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spygirl

BBC - Its tough out there, for wimmin #33455

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Coronavirus: The parents in lockdown with violent children

https://www.bbc.co.uk/news/uk-52363197

 

For some parents, being at home with their children means facing threats, abuse and violent outbursts. How can they cope in the isolation of lockdown?

Julie found out you could buy large knives on the internet when she witnessed her son brandishing one and slashing the furniture at home.

In the past couple of months, she says she has had to call the police twice to their home, most recently as she was barricaded in the bathroom while her son - a young adult - tried to break down the door with a knife. Now the family are living in lockdown together, struggling with isolation, a loss of their support network and a claustrophobic atmosphere that Julie describes as a "tinderbox".

Came out of your fanny love. You brought him up, Your problem.

Each time I hear the magic phrase 'support netwkork' I know its down to some daft bint wanting to live somewhere she cant afford.

Liam suffered trauma as a child and has learning difficulties which affect memory, emotional regulation and social skills. The family manage his aggressive outbursts with the help of a list of friends and supporters who come round at a moment's notice to help defuse tensions. But these coping techniques are threatened by the social distancing rules.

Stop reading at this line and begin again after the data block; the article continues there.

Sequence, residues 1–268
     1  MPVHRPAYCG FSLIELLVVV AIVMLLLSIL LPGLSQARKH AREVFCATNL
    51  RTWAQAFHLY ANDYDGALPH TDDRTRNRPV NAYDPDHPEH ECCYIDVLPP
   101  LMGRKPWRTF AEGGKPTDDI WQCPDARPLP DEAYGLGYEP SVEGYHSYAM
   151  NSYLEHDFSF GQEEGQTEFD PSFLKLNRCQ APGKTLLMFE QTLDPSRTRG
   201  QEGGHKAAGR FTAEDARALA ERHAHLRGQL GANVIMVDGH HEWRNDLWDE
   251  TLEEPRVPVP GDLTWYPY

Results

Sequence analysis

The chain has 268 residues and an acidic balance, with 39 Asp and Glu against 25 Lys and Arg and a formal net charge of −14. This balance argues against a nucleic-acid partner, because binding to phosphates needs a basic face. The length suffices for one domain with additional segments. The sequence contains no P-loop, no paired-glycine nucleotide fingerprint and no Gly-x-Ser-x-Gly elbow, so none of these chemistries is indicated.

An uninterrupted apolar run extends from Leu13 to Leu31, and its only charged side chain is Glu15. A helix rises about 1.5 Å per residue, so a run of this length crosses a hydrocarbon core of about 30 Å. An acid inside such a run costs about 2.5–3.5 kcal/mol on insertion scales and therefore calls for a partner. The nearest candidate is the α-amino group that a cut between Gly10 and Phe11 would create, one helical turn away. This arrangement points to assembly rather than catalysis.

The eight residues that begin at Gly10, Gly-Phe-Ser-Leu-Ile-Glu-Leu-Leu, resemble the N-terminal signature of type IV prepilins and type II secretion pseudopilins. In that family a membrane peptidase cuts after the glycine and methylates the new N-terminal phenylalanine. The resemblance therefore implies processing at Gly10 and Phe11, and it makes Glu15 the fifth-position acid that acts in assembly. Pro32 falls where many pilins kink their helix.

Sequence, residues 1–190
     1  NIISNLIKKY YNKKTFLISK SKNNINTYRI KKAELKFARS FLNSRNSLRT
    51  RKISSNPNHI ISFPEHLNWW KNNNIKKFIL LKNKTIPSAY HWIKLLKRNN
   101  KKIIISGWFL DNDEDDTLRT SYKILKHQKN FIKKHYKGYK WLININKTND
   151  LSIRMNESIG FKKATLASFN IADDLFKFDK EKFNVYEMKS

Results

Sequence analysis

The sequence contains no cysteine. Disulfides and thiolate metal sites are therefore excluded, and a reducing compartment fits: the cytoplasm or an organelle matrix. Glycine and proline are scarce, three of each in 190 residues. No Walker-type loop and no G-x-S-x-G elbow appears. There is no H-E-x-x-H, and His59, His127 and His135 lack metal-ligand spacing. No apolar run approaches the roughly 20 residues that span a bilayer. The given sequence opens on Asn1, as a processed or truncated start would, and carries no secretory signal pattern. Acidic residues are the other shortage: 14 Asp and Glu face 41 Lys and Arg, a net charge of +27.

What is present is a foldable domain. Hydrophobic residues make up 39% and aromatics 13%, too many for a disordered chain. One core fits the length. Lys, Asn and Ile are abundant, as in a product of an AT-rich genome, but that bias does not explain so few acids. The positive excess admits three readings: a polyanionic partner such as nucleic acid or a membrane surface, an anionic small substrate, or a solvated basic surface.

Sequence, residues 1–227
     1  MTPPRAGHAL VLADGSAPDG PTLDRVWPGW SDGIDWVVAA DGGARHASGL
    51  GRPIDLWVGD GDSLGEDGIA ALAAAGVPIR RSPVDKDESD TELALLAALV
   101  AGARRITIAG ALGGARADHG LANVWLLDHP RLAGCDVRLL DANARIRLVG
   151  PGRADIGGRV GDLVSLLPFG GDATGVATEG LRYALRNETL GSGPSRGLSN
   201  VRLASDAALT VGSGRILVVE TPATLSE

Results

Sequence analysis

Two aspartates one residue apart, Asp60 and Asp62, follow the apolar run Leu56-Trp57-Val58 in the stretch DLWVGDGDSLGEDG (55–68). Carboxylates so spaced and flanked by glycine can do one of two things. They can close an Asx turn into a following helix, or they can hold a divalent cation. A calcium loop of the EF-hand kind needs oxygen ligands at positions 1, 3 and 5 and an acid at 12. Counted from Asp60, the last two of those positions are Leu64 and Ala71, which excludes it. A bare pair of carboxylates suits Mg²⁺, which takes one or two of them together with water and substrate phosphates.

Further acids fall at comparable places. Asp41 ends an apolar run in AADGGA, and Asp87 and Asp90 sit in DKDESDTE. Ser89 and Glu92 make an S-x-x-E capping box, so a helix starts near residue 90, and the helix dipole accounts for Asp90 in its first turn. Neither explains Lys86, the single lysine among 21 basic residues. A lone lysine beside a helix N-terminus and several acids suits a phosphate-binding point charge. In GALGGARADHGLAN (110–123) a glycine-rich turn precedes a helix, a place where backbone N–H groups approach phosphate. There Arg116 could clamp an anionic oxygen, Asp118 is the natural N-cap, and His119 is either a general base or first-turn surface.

Expand on the trauma?

Be the fuckers been drugged up and put inthe SEN class, so she could get more cash.

I like that 'network of supporter wh ocome round at a moemnts notice' Lazy fucking bitch has got other people bringing up her fucking kid.

If she cannot handle her own fucking son then get him put in care, away from the daft bint. And cut her bennies.

And a wet useless cuck too:

Neil, who lives in the east of England, says the aggression from his son, Ben, was just "cute" aged four and became worrying when he was eight. Now he is living with a teenager and "suddenly it's quite dangerous" - with Ben increasingly reaching for knives or bottles. Ben is autistic and has moderate learning difficulties as well as ADHD. The disruption to his routine caused by the coronavirus outbreak has sent his stress levels soaring and made angry outbursts more likely, his father says.

And of cause hes SEN ...

 

 

 

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8 minutes ago, Panther said: